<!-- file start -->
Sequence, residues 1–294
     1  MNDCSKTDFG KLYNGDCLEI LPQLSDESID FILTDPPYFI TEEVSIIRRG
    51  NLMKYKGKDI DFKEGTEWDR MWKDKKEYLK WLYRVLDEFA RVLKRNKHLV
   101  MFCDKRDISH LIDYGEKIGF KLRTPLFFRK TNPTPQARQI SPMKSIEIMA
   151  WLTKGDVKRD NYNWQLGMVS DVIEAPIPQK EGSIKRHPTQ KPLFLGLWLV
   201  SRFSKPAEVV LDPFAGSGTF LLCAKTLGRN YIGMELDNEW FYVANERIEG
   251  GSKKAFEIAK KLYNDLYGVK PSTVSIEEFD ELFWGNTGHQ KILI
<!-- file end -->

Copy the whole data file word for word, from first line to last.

Sequence, residues 1–294
     1  MNDCSKTDFG KLYNGDCLEI LPQLSDESID FILTDPPYFI TEEVSIIRRG
    51  NLMKYKGKDI DFKEGTEWDR MWKDKKEYLK WLYRVLDEFA RVLKRNKHLV
   101  MFCDKRDISH LIDYGEKIGF KLRTPLFFRK TNPTPQARQI SPMKSIEIMA
   151  WLTKGDVKRD NYNWQLGMVS DVIEAPIPQK EGSIKRHPTQ KPLFLGLWLV
   201  SRFSKPAEVV LDPFAGSGTF LLCAKTLGRN YIGMELDNEW FYVANERIEG
   251  GSKKAFEIAK KLYNDLYGVK PSTVSIEEFD ELFWGNTGHQ KILI